Mass genocide is still currently happening around the globe. There is much to learn from holocaust experiences. The most memorable and disturbing holocaust took place in WWII during the Nazi regime in Europe. Millions of Jews were brutally murdered in heinous ways. The holocaust still remains to be one of the most tragic events in human history. It reveals the cruelty of mankind.
Many people have questioned how anyone was able to survive through so many horrors they had to face. How did most cope so well with the great losses they had suffered? How did the Nazis become such ruthless killers? How could one nation turn against another so viciously subjecting millions of innocent people including children with inhumane suffering?
Most of my explanations will be branched mainly from social psychology. I will be examining the psychological side of the holocaust. Current theories mainly by Milgram and Zimbardo will further explain the atrocities that have taken place during the holocaust. Milgram focuses on how humans are willing to inflict pain upon others. Meanwhile Zimbardo’s study focuses on conformity and power.
Milgram’s study focuses on obedience. Milgram investigated the factor of obedience and how ordinary people can be lead to hurt others with authority figures. The evidence derived from a series of experiments in which people where asked to administer shocks to a confederate subject as punishment for mistakes in a paired-word recall task seems support that notion. Following the instructions and, when hesitating and protesting, the prompts of the experimenter, over 60% of the “teachers” administered the maximum of 450 volts which is fatal. Unknown to the naïve teachers, no actual shocks were delivered to the learner – but it is quite surprising that despite verbal protests and screams by the learner, a majority of people were willing to administer a potentially dangerous voltage. Milgram concluded that people will comply if they believe that the orders come from a source of authority – a source that “knows what’s best” and has overall responsibility. People come to see themselves as irresponsible instruments that carried out another person’s wishes. Being physically separated from the victim did also help to achieve compliance – the distance helped to “dehumanize” the learner. However, even when the learner was in touch proximity to the teacher, and the teacher had to force the learner’s hand on the shock pad to continue the experiment, 30% of the participants complied. And when the naive subject was part of a group and a confederate administered the shocks, over 90% of the participants went along without any protest.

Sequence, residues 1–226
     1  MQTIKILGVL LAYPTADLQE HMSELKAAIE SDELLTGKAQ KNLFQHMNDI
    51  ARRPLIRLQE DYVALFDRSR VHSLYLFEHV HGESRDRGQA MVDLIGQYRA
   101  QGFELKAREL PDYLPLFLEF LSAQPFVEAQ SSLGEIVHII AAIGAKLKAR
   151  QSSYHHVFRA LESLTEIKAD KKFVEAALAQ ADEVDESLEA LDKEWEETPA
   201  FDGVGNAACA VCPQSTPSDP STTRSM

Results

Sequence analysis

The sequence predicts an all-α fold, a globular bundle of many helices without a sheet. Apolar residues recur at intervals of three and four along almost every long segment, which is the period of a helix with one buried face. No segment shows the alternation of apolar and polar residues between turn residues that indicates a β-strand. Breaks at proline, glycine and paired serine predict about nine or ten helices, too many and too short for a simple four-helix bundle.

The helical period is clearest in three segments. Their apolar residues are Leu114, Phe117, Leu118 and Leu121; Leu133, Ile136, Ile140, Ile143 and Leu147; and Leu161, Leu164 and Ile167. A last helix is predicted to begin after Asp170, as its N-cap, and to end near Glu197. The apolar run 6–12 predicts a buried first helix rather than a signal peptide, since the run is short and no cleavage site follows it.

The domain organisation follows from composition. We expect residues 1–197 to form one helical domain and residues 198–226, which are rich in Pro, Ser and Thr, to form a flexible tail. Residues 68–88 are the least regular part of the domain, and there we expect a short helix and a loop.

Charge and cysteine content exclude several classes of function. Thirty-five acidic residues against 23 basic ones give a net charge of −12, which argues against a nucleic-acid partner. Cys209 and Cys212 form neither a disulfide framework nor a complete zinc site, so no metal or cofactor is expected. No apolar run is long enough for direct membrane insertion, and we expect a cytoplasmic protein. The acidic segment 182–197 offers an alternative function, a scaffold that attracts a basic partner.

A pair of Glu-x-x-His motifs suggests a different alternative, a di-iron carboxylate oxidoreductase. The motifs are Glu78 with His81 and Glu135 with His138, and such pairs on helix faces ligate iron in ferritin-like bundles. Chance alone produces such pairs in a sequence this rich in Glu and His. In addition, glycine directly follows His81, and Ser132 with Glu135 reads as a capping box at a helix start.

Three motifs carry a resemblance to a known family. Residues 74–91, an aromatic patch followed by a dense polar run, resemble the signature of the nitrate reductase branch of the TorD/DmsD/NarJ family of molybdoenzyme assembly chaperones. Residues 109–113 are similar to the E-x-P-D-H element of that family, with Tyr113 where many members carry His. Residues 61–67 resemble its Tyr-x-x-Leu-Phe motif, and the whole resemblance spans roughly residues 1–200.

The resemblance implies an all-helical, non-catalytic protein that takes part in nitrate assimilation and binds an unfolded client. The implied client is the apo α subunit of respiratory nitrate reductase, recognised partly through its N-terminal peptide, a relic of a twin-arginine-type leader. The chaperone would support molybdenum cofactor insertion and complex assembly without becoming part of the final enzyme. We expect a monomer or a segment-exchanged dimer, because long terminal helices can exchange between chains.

Of course, an experiment like this is wide open to criticism, and obedience alone cannot be the only reason why ordinary Germans committed the atrocities of the Holocaust. For example, Milgram’s experiment depended to a large extent on the acting abilities of the learner and the experimenter. Maybe people sensed the unreality of the situation, and that is why many went along. Video footage of the experiment shows participants to be convinced.
How does administering shocks in a laboratory correlate with shooting men, women and children? Others argued against the realism and relevance of Milgram’s study: the high compliance levels resulted from the immense trust people had in the reputation of Yale university, where most of the experiments were conducted a high status university would never risk to seriously harm people like that. Compliance levels in Milgram’s study did indeed drop to 48% when the experiments took place in an office building with no association to the university. But the protestors still failed to realize that this criticism is in favor of Milgram’s conclusion. If so many people believed that a reputable university would never do anything that was morally wrong, how must it have been for Germans who faced their entire government? The government at the time